The five Kootenay-Columbia candidates in the upcoming federal election met on Wednesday in an online forum designed to address economic and social issues.
The forum, hosted by the Nelson and District Chamber of Commerce and Nelson at its Best, solicited questions from 10 subject-matter experts in Nelson. They then asked those questions of the candidates using a system in which not all candidates were asked all questions. The candidates did not know in advance which questions they would be asked.
In attendance were Rana Nelson (Green Party), Wayne Stetski (New Democratic Party), Sarah Bennett (People’s Party of Canada), Rob Morrison (Conservative) and Robin Goldsbury (Liberal).
Throughout the evening the candidates all agreed that the country needs affordable housing, economic recovery, a cleaner environment, solutions to climate change, affordable childcare, reconciliation with First Nations, a solution to the opioid crisis, and more jobs.
Whenever a candidate spoke in generalities about these or other subjects without naming a specific plan or cost, which was most of the time, their comments are not included below.
Labour shortages because of COVID-19 measures
Goldsbury said $10 per day childcare will soon become a reality under the Liberals and that immigrants should be fast-tracked for employment.
Morrison said people need to be weaned off of CERB if there are jobs available, and the government should make it easier to hire temporary foreign workers.
Stetski said he supports the $10 per day childcare program, and that the tourism industry needs to be given more certainty regarding the Canada-U.S. border. He said people going to work under a wage subsidy program is preferable to them staying at home.
Nelson said that the Green Party would provide 300,000 new housing units over three years and a guaranteed annual income for those in need.
Stetski committed to 500,000 new housing units over 10 years in partnership with the provinces, including 80 new housing units in Nelson. The NDP would bring back 30-year mortgages and introduce a 20 per cent foreign ownership tax.
Goldsbury touted the Liberals’ national housing strategy and said the government has tripled investments in homelessness and launched a rapid housing initiative. She listed programs designed to encourage multi-generational living, construction on affordable homes, and rent-to-own programs.
Small business recovery from COVID-19
Stetski said the NDP would continue federal relief programs such as the current wage and rent subsidy programs.
Bennett said “COVID is over” and that businesses will benefit from fewer restrictions, fewer subsidies, and lower corporate taxes.
“We need to take off our masks, stop unnecessary subsidies, and get people back to work,” she said.
Stetski said the NDP would forgive up to $20,000 in student debt and that university education should be free.
“You should be able to go from kindergarten to university all paid for as a public system,” he said.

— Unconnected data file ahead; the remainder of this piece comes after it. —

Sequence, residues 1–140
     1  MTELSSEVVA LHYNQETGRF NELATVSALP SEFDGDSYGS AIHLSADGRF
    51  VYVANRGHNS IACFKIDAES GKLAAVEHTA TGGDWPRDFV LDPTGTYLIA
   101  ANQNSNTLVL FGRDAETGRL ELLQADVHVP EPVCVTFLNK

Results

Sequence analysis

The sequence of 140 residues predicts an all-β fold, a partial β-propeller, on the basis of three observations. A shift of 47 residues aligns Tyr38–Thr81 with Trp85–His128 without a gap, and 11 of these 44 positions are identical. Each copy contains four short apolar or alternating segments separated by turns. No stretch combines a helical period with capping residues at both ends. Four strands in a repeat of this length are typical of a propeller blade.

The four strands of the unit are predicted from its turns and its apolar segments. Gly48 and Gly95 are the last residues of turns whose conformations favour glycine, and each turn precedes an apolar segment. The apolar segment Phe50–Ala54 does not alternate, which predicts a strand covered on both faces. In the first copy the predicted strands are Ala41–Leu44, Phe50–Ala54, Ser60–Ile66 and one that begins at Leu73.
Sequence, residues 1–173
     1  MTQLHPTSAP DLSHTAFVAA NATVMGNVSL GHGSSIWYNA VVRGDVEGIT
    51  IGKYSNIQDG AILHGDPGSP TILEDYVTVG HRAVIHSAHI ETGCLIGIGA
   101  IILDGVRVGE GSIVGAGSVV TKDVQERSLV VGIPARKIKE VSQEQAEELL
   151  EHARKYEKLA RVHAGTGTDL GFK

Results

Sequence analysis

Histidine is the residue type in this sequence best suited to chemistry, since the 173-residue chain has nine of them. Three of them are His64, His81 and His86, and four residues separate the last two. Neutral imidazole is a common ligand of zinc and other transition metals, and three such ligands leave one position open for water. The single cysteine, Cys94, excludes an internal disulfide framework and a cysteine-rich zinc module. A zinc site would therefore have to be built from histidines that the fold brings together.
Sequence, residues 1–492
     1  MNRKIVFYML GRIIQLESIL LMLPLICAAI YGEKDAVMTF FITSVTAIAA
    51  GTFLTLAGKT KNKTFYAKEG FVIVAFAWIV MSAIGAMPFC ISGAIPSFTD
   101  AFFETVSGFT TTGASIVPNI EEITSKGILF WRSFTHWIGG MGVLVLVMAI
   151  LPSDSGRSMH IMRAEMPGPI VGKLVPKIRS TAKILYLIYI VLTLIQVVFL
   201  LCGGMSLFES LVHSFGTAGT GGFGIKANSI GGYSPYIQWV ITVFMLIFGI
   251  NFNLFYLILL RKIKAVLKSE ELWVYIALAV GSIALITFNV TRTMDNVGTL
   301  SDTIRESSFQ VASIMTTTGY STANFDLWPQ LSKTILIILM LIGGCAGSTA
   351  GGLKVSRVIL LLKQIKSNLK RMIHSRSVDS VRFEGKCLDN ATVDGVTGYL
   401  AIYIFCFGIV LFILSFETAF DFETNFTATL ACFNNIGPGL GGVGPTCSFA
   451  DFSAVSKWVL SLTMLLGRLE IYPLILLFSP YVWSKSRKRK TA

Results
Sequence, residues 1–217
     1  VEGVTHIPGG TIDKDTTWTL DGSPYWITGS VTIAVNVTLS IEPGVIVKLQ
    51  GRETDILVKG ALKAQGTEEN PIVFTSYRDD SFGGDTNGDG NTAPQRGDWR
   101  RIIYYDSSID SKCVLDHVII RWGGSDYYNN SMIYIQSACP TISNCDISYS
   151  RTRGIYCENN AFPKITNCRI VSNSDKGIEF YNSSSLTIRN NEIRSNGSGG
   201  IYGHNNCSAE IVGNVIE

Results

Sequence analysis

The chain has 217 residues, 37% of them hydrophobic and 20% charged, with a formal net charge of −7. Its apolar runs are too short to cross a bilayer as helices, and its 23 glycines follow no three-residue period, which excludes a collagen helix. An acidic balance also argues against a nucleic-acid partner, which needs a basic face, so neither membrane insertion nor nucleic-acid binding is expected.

Public health measures during COVID-19
Goldsbury said, “Vaccines work, and this is a pandemic of the unvaccinated.”
Bennett said “natural immunity” is more potent than a vaccine, which she added is actually genetic modification therapy. Vaccine passports are a way to track and trace citizens, she said.
Morrison said he is against mandatory vaccines but did not address vaccine passports except to say they are a provincial responsibility.
Nelson said she agrees with the current restrictions.
Stetski said it would not be legal to make vaccines mandatory, and said he favours a national vaccine passport rather than separate provincial ones.
Stetski said his party would reduce emissions by 50 per cent by 2030, eliminate subsidies to fossil fuel companies, create a million green jobs by renovating infrastructure and buildings, and move to electric vehicles as well as more rural public transportation.
Morrison said economic recovery is needed to raise the tax dollars for innovation in green energy and renewables. He said emitting industries would be taxed to contribute to this. He said he has been working with a Columbia Valley trucking company that will be pioneering the use of hydrogen fuel, and he said he is promoting an electric train to run between Trail and Cranbrook.
Morrison added that contrary to popular belief, a Conservative convention did not deny the existence of climate change. He said the federal government needs to help B.C. with wildfire management.
Nelson said the Green Party would oppose the construction of the Trans Mountain pipeline and would ban fracking.
Bennett said climate change is a fact of life but should not be considered a crisis and that markets will adjust to it. She said governments should scrap carbon taxes.
Goldsbury said that moving forward with $10 per day daycare will result in the hiring of 40,000 more early childhood educators.
The candidates were also asked about opioids, the cannabis economy, racist hate crimes, and reconciliation with First Nations. They agreed these were important issues and said their party would definitely do something about them, but did not name specific actions they would take.
Stetski and Nelson both said they would implement proportional representation in federal elections. Stetski said an NDP government would ban conversion therapy.
Morrison, to counter criticism of his lack of an office in Nelson and the rarity of his visits, said he was considering it before the pandemic hit and constituency offices closed. Instead, he hired more staff to better serve constituents rather than pay office rent, he said, adding that that during his term as MP he has visited Nelson 18 times, and three times during this election campaign.
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